telegraf-session-firestore
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4.0.0 • Public • Published

telegraf-session-firestore

Google Firestore based session middleware for telegraf.js. Loosely based on the firebase equivalent but written in TypeScript.

Installation

npm install telegraf-session-firestore --save

# If you still are on telegraf v3, use this:
npm install telegraf-session-firestore@3 --save

Introduction

This middleware supports two modi, strict and lazy. In strict mode, everything works the way you would expect from a middleware. For every request, a Cloud Firestore collection is queried and the session data is provided in a property on the context object. The session data can be modified arbitrarily and will be written back to the database afterwards.

Example for strict mode:

const Telegraf = require('telegraf')
const firestoreSession = require('telegraf-session-firestore')
const { Firestore } = require('@google-cloud/firestore')

const db = new Firestore({
    projectId: 'YOUR_PROJECT_ID',
    keyFilename: 'firestore-keyfile.json',
});

const bot = new Telegraf(process.env.BOT_TOKEN)
bot.use(firestoreSession(db.collection('sessions')))
bot.on('photo', (ctx, next) => {
  const session = ctx.session;
  session.counter = session.counter || 0
  session.counter++
  return next()
})
bot.hears('/stats', ({ reply, session, from }) =>
  reply(`already got ${session.counter} pics from ${from.username}!`))
bot.startPolling()

However, on firestore, you are billed per operation. If your bot does not need the session data for most of the messages it processes, this would cause a lot of superfluous reads and writes. Imagine your bot is in a group chat where it only counts photos but otherwise ignores all messages. Then it would not makes sense to retrieve the session data for every request and write it back. The solution: lazy mode.

Example for lazy mode:

const Telegraf = require('telegraf')
const firestoreSession = require('telegraf-session-firestore')
const { Firestore } = require('@google-cloud/firestore')

const db = new Firestore({
    projectId: 'YOUR_PROJECT_ID',
    keyFilename: 'firestore-keyfile.json',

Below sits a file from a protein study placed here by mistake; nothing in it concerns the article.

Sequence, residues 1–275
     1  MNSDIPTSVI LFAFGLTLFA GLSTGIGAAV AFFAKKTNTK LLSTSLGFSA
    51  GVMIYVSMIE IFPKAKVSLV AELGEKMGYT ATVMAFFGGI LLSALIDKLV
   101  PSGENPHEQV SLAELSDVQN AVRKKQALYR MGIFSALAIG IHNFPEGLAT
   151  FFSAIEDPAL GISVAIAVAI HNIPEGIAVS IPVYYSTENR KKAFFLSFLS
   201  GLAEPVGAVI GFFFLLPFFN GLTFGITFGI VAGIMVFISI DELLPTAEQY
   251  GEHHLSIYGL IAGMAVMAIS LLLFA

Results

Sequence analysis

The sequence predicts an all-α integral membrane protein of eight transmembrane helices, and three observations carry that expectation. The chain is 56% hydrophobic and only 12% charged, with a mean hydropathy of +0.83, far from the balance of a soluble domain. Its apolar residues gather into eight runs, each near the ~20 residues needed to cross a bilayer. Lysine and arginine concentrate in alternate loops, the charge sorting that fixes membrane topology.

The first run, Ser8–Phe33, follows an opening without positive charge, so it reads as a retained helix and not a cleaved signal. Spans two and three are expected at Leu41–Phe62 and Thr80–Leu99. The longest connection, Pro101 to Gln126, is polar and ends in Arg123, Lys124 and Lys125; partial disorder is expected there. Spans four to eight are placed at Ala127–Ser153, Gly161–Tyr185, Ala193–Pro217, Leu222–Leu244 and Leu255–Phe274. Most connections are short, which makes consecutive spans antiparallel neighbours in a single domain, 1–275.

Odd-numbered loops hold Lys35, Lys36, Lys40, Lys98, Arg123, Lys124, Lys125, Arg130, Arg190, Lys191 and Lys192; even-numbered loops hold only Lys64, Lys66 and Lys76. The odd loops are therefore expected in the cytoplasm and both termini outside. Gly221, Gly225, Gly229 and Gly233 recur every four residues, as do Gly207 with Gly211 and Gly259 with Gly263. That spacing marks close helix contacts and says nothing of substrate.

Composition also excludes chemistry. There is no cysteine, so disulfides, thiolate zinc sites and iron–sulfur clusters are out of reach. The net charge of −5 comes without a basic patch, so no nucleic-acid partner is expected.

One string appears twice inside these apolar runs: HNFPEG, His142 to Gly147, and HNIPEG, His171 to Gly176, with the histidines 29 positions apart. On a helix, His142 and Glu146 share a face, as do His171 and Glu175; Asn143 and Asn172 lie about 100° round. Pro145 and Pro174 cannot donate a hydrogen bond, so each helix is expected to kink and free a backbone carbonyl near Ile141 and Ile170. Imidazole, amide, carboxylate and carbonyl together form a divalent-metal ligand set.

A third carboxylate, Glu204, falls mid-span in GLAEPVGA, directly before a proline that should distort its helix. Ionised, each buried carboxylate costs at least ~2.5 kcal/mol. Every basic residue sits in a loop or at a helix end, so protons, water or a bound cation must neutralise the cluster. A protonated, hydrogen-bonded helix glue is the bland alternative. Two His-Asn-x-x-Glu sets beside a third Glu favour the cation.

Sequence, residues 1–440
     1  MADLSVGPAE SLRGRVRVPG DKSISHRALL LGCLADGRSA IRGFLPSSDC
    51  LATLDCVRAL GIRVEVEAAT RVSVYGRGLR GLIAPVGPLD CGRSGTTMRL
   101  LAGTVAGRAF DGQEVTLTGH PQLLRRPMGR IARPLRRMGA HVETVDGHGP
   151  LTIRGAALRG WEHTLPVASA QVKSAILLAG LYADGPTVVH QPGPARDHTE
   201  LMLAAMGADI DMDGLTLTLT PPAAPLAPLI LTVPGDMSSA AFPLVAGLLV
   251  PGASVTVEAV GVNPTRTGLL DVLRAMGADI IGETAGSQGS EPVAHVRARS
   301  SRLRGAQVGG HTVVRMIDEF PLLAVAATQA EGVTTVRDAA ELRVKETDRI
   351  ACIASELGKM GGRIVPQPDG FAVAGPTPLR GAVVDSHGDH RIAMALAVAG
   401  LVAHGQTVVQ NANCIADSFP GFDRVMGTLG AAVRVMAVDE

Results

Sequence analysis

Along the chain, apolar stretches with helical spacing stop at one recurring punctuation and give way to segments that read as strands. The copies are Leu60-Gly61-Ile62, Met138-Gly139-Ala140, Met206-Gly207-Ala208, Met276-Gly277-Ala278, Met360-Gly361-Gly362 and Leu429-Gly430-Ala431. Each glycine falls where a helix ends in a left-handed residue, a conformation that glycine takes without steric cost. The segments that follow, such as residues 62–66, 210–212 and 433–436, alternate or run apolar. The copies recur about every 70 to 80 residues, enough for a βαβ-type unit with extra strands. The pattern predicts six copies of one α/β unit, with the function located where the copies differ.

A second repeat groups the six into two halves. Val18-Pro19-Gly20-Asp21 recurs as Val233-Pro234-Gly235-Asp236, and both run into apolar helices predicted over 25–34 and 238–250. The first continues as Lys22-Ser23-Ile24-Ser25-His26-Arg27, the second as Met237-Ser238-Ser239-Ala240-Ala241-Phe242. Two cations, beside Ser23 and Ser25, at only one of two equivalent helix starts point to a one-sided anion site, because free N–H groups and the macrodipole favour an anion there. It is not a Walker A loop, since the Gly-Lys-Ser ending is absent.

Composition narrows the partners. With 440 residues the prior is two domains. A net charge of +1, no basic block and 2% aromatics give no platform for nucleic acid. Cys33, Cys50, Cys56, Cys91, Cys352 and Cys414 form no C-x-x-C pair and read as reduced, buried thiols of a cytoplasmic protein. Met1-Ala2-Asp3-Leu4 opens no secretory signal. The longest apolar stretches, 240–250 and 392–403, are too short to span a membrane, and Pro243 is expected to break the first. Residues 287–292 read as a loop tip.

});

const bot = new Telegraf(process.env.BOT_TOKEN)
bot.use(firestoreSession(db.collection('sessions'), { lazy: true }))
bot.on('photo', async (ctx, next) => {
  const session = await ctx.session;
  session.counter = session.counter || 0
  session.counter++
  return next()
})
bot.hears('/stats', async ({ reply, session, from }) =>
  reply(`already got ${(await session).counter} pics from ${from.username}`))
bot.startPolling()

By passing lazy: true to the options, the session data is wrapped inside a promise. This promise is lazily created upon accessing ctx.session. Otherwise, no communication is performed. Note that the data is queried at most once, no matter how often you access the promise. As a result, you only need a fraction of database communication (so you are billed less so you have more money so you can buy me yourself a coffee so you can stay up later at night so you have time to go out so you can tell more people about your bot, eventually increasing the number of database requests again). Yay.

It is in fact possible to use lazy mode on a per request basis, for instance you could use lazy mode only for groups. Simply pass:

bot.use(firestoreSession(db.collection('sessions'), {
  lazy: ctx => ctx.chat.type !== 'private'
}))

API

Options

  • lazy: flag for lazy mode
  • property: context property name (default: session)
  • getSessionKey: session key resolver function

Default implementation of getSessionKey:

function getSessionKey(ctx) {
  if (!ctx.from || !ctx.chat) {
    return
  }
  return `${ctx.from.id}-${ctx.chat.id}`
}

Destroying a session

To destroy a session simply set it to undefined (or another falsy value).

bot.on('text', ctx => {
  ctx.session = undefined
})

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Install

npm i telegraf-session-firestore

Weekly Downloads

17

Version

4.0.0

License

MIT

Unpacked Size

22.1 kB

Total Files

11

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Collaborators

  • knorpelsenf